Volume 22, Issue 2 (2022)                   QJER 2022, 22(2): 157-184 | Back to browse issues page

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moftakhari A, Jafari M, abounoori E, Nademi Y. Investigating the Nonlinear Effects of Inequality in Income Distribution on Brain Drain in Developing Countries. QJER. 2022; 22 (2) :157-184
URL: http://ecor.modares.ac.ir/article-18-56744-en.html
1- Ph.D. Candidate in Economics, Faculty of Economics and Administrative Sciences, Lorestan University, Khorramabad, Iran
2- Associate Professor of Economics, Faculty of Economics and Administrative Sciences, Lorestan University, Khorramabad, Iran , jafari.moh@lu.ac.ir
3- Professor of Economics, Faculty of Economics, Management and Administrative Sciences, Semnan University, Semnan, Iran
4- Assistant Professor of Economics, Faculty of Humanities, Ayatollah Boroujerdi University, Boroujerd, Iran
Abstract:   (260 Views)
Income inequality and efforts to its reduction it is one of the most important concerns of societies in today's world.  On the one hand, countries are looking for revenue sources and, on the other hand, are trying to reduce income inequalities. In addition, due to the unequal distribution of income and the impact of migration contrary to the policies of societies, migration makes it difficult to achieve the desired economic growth. Therefore, considering the importance of the consequences of migration, the main purpose of this paper is to investigate the nonlinear effects of income inequality on brain drain in developing countries. Based on the findings of the study, the inequality in income distribution has a threshold effect on brain drain in developing countries. As long as inequality is at levels below 0.46, this variable has a negative and significant effect on brain drain, but after exceeding the threshold of 0.46 and being in a high inequality regime, the intensification of inequality increases the brain drain sharply. In other words, society tolerates a degree of inequality, but the intensification of inequality beyond the tolerable level of society causes the elites to migrate to developed countries, which are more equal, in search of a better life and proportionate to their capabilities.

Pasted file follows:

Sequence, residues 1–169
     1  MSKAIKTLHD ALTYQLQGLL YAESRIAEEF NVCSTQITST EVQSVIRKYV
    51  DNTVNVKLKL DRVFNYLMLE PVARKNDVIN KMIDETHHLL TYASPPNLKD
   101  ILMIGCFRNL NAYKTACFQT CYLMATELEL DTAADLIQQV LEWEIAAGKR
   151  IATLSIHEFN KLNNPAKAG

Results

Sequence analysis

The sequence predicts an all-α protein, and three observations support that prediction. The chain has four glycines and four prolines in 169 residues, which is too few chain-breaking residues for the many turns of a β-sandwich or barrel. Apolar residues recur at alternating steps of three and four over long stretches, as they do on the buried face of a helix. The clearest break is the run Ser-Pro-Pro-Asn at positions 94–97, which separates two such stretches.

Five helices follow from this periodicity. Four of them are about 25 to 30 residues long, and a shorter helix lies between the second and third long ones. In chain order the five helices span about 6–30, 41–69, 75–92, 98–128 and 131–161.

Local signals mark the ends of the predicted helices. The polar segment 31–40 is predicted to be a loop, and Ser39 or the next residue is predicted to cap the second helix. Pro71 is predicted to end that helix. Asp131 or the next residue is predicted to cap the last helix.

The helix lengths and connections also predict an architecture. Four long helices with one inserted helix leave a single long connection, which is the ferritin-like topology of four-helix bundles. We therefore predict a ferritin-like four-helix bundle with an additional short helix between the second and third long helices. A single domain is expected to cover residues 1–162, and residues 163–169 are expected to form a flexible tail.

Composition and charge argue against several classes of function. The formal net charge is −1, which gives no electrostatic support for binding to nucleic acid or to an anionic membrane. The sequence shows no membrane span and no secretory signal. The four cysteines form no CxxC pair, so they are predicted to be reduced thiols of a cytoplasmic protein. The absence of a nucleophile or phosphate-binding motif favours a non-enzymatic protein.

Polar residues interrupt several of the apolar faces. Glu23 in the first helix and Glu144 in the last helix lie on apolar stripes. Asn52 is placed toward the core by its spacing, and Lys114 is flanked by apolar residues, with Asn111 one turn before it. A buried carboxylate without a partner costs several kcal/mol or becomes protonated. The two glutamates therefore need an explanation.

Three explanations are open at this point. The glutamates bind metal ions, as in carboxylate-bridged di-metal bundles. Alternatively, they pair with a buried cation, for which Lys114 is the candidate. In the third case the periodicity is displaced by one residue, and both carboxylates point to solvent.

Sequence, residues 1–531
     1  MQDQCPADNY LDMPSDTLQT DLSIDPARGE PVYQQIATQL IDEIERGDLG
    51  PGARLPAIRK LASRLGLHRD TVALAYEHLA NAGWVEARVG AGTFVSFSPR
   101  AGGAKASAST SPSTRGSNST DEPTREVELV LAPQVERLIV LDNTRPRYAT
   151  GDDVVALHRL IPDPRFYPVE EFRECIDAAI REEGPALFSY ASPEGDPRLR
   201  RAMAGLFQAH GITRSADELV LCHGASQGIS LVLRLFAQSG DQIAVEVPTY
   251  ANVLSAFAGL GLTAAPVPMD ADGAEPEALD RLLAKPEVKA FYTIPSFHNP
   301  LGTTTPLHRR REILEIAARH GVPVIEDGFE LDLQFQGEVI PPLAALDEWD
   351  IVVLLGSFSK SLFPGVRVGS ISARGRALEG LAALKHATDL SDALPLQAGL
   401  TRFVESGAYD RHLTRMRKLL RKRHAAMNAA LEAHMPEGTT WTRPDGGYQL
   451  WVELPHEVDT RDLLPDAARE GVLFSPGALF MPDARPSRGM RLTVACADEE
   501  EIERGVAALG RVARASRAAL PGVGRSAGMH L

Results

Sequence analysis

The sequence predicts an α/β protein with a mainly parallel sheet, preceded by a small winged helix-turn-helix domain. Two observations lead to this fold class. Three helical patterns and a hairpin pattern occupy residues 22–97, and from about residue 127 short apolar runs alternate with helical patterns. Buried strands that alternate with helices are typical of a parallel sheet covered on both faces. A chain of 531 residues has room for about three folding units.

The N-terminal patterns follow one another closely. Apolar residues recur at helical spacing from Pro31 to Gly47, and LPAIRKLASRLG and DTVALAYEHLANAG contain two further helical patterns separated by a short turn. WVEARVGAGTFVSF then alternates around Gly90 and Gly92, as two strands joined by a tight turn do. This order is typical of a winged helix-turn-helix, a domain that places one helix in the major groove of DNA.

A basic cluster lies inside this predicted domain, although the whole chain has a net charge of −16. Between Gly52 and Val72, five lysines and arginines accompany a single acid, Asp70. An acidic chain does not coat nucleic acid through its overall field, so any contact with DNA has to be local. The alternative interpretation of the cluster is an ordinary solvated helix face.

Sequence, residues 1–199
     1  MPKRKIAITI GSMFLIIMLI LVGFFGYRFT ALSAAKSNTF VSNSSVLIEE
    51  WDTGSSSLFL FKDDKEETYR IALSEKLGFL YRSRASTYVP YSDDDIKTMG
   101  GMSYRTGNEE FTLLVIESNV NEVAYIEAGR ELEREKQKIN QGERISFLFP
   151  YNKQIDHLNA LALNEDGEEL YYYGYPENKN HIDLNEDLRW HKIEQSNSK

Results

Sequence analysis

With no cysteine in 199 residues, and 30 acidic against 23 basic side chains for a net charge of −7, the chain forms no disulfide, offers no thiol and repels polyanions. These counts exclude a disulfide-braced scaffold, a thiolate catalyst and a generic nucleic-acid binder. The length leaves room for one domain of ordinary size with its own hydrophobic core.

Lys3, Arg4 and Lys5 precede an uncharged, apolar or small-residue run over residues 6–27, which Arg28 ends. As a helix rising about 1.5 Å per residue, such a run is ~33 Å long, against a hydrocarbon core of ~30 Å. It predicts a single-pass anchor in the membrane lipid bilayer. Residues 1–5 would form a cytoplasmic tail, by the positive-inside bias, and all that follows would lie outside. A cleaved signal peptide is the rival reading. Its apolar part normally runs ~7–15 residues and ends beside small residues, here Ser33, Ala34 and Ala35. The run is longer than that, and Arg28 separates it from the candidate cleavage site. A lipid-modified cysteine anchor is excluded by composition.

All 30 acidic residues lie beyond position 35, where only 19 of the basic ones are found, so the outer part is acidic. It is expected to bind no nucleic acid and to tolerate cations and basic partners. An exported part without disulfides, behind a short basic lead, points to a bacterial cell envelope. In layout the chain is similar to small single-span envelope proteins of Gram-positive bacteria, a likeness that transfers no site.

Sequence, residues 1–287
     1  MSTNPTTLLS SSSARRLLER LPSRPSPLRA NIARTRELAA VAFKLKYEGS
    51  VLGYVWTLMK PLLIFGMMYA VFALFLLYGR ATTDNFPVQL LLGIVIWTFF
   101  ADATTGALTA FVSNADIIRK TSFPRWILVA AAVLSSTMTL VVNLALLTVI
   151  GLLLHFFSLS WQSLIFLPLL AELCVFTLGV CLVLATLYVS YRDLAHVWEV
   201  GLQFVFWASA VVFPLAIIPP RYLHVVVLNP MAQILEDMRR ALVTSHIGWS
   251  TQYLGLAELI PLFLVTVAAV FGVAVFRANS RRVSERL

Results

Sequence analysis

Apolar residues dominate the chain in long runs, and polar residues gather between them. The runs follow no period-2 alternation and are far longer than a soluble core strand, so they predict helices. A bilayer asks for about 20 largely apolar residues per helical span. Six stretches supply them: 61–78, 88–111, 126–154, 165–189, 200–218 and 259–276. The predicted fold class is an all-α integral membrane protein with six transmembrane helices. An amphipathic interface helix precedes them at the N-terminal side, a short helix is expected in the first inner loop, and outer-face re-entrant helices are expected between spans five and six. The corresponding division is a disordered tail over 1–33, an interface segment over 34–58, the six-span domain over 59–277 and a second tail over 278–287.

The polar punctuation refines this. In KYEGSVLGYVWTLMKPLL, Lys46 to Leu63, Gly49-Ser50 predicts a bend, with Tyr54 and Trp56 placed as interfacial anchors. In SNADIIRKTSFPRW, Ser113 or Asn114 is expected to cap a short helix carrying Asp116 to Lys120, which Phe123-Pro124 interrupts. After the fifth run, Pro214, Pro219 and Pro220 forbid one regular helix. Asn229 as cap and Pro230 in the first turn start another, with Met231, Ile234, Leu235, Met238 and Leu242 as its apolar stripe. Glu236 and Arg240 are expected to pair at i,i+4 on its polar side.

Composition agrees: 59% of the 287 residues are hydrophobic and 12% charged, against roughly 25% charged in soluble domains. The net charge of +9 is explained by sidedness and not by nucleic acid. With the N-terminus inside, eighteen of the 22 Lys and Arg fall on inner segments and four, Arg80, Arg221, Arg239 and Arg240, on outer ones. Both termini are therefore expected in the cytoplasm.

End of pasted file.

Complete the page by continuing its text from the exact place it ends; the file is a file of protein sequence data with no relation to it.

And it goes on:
Article number: 6
Full-Text [PDF 1355 kb]   (67 Downloads)    
Article Type: Original Research | Subject: Public Economics
Received: 2021/10/28 | Accepted: 2021/12/27 | Published: 2022/06/19

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